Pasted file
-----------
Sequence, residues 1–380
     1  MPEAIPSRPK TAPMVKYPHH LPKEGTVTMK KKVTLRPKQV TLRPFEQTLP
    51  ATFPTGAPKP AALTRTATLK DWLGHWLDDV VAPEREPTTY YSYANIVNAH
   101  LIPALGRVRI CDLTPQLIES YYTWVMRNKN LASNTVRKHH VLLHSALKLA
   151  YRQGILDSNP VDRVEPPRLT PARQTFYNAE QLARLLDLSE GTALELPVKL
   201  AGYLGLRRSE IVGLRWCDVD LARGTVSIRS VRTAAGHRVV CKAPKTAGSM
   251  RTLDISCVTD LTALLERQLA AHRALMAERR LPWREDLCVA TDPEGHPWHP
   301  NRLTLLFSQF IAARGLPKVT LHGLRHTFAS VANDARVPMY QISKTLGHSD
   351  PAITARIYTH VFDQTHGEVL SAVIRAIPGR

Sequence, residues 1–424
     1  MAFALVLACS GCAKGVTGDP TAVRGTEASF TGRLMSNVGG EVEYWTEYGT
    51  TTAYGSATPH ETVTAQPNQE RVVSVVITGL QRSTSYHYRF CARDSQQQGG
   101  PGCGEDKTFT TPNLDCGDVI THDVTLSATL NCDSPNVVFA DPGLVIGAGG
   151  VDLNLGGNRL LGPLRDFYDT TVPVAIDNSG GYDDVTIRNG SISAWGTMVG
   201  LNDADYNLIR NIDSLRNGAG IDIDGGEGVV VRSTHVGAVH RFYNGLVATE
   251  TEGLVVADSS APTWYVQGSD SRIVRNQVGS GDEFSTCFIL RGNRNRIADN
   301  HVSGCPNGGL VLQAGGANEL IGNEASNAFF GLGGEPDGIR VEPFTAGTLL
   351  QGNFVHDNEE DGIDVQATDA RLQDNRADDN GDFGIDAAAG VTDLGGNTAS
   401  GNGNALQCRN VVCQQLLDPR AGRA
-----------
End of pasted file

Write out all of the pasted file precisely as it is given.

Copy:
Sequence, residues 1–380
     1  MPEAIPSRPK TAPMVKYPHH LPKEGTVTMK KKVTLRPKQV TLRPFEQTLP
    51  ATFPTGAPKP AALTRTATLK DWLGHWLDDV VAPEREPTTY YSYANIVNAH
   101  LIPALGRVRI CDLTPQLIES YYTWVMRNKN LASNTVRKHH VLLHSALKLA
   151  YRQGILDSNP VDRVEPPRLT PARQTFYNAE QLARLLDLSE GTALELPVKL
   201  AGYLGLRRSE IVGLRWCDVD LARGTVSIRS VRTAAGHRVV CKAPKTAGSM
   251  RTLDISCVTD LTALLERQLA AHRALMAERR LPWREDLCVA TDPEGHPWHP
   301  NRLTLLFSQF IAARGLPKVT LHGLRHTFAS VANDARVPMY QISKTLGHSD
   351  PAITARIYTH VFDQTHGEVL SAVIRAIPGR

Sequence, residues 1–424
     1  MAFALVLACS GCAKGVTGDP TAVRGTEASF TGRLMSNVGG EVEYWTEYGT
    51  TTAYGSATPH ETVTAQPNQE RVVSVVITGL QRSTSYHYRF CARDSQQQGG
   101  PGCGEDKTFT TPNLDCGDVI THDVTLSATL NCDSPNVVFA DPGLVIGAGG
   151  VDLNLGGNRL LGPLRDFYDT TVPVAIDNSG GYDDVTIRNG SISAWGTMVG
   201  LNDADYNLIR NIDSLRNGAG IDIDGGEGVV VRSTHVGAVH RFYNGLVATE
   251  TEGLVVADSS APTWYVQGSD SRIVRNQVGS GDEFSTCFIL RGNRNRIADN
   301  HVSGCPNGGL VLQAGGANEL IGNEASNAFF GLGGEPDGIR VEPFTAGTLL
   351  QGNFVHDNEE DGIDVQATDA RLQDNRADDN GDFGIDAAAG VTDLGGNTAS
   401  GNGNALQCRN VVCQQLLDPR AGRA